Fairy Tail 12

By Hiro Mashima. Released in Japan by Kodansha, serialization ongoing in the magazine Weekly Shonen Magazine. Released in North America by Del Rey.

I hadn’t reviewed Volume 11 of this series, mostly as it consisted of one giant fight, and I always find those harder to review. This wraps up the Tower of Heaven arc, though, and gives Erza a lot more emotional kicks to the teeth, something that was the purpose of this arc.

I am rather glad I read it in Volume format. One thing I’ve noticed about shonen series with long strings of fights, be it this series, One Piece, or Bleach is that they read a lot better 11 chapters in a row than they do waiting from week to week for the next punch to be thrown. Certain fandoms have arcs they dislike more than others – Skypeia in One Piece, Hueco Mundo in Bleach – and a large part of why they may be disliked is this is when the online fandom ‘caught up’ and started to read it week to week… and realized that, yes, 40-50 chapter fights over the course of an entire year CAN feel like they drag out.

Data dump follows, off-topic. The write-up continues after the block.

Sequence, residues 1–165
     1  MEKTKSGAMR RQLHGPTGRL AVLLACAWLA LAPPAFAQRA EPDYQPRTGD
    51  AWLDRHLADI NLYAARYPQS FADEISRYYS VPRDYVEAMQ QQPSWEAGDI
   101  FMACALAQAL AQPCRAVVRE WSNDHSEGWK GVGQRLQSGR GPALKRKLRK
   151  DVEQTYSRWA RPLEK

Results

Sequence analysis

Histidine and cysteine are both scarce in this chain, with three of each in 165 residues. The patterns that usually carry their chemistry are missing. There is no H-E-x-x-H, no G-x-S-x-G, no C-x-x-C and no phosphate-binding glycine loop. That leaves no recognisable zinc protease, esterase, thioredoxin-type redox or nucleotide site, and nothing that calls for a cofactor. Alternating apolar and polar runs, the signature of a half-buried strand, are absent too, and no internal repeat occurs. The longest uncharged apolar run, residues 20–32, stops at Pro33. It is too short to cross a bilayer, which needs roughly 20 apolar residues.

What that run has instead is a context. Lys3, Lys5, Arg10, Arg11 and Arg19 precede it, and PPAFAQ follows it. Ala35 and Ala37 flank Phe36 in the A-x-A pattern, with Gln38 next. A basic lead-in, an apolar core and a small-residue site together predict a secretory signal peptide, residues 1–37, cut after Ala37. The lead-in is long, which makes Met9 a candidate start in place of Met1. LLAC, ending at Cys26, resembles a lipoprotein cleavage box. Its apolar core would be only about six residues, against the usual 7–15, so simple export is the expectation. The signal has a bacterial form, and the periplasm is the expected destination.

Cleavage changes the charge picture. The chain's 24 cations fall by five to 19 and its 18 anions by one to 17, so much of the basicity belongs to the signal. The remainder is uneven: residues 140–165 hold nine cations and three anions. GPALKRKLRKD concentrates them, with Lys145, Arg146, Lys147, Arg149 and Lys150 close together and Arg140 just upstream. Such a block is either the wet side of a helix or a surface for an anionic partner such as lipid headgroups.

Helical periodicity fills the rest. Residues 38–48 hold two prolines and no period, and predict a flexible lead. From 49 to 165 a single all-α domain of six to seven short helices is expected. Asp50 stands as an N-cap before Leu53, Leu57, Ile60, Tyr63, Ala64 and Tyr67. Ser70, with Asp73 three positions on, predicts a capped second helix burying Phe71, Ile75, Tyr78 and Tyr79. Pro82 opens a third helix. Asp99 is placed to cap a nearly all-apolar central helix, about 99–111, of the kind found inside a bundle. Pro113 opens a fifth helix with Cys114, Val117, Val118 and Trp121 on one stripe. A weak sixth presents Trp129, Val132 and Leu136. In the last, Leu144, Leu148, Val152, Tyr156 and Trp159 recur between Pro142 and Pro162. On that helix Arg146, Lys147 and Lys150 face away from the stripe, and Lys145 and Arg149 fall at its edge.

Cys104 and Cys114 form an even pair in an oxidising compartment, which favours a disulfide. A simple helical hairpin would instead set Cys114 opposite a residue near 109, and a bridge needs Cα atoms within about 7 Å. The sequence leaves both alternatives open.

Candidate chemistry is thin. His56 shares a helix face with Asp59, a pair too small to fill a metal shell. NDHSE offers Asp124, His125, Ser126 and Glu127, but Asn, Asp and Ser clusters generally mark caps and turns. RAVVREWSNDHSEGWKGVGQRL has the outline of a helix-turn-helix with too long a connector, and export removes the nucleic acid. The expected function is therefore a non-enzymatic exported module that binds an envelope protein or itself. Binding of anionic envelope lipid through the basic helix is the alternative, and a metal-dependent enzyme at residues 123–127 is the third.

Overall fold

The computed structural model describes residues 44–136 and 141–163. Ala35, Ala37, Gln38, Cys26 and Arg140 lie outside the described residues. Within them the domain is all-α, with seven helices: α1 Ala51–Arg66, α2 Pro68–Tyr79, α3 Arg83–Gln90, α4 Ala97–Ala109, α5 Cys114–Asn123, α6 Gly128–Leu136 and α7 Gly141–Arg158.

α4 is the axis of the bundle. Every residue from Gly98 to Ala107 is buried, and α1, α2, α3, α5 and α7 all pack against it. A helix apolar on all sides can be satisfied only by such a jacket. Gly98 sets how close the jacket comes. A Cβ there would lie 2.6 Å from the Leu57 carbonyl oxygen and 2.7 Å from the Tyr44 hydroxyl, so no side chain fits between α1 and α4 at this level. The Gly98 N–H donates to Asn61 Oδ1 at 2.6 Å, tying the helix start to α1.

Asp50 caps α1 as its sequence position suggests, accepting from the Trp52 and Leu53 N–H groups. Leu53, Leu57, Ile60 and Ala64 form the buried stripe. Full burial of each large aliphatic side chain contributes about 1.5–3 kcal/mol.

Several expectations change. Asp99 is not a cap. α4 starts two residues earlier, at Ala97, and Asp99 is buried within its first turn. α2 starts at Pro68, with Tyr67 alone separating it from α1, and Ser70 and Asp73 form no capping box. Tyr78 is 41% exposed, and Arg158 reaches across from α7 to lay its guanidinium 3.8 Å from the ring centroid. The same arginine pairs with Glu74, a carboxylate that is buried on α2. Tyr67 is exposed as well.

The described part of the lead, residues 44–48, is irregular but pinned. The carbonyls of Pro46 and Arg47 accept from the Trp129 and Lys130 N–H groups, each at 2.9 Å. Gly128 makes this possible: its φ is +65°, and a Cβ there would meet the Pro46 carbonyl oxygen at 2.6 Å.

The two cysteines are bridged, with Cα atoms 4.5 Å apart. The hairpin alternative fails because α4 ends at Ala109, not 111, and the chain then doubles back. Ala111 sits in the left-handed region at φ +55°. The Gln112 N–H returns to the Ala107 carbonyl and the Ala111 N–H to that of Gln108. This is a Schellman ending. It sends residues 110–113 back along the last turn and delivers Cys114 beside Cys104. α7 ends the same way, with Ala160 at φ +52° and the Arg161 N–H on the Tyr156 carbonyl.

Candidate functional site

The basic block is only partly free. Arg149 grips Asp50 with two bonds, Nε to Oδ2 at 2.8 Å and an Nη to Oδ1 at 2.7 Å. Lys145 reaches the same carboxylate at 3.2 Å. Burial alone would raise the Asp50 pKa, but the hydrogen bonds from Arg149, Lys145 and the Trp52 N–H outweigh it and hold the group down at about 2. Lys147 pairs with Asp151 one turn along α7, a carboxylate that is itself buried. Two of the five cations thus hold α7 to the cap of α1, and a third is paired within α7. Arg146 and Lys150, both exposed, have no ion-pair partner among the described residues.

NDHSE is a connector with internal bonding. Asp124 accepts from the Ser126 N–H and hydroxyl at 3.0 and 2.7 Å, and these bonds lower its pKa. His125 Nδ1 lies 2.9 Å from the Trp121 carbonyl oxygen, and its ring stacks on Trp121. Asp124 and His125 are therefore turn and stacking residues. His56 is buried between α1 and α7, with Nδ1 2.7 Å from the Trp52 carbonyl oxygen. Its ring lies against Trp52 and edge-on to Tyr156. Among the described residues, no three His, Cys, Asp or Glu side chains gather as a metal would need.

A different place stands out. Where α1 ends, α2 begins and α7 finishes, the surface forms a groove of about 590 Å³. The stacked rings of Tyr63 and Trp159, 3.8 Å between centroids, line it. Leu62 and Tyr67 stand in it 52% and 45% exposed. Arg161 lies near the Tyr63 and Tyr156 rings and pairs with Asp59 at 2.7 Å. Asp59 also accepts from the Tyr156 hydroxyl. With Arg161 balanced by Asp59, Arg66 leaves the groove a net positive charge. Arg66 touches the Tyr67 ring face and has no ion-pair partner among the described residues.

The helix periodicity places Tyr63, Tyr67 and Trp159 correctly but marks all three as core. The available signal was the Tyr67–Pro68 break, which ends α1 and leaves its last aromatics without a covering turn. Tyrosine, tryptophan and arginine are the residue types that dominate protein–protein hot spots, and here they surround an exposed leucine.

The majority of this book features Erza finally battling her old friend and now mind-controlled enemy Jellal. How mind-controlled Jellal actually is is left up in the air, and things aren’t helped by the arrival of Council Member Siegrain, which is an incredibly obvious and poorly handled revelation even though the author didn’t intend for it to be a secret. It’s possible I’m missing the subtle parodying going on here – this is a shout out to Mashima’s previous work, Rave Master, which I haven’t read – but in general if villains are going to stand around being smug jerks, they need to be better than this.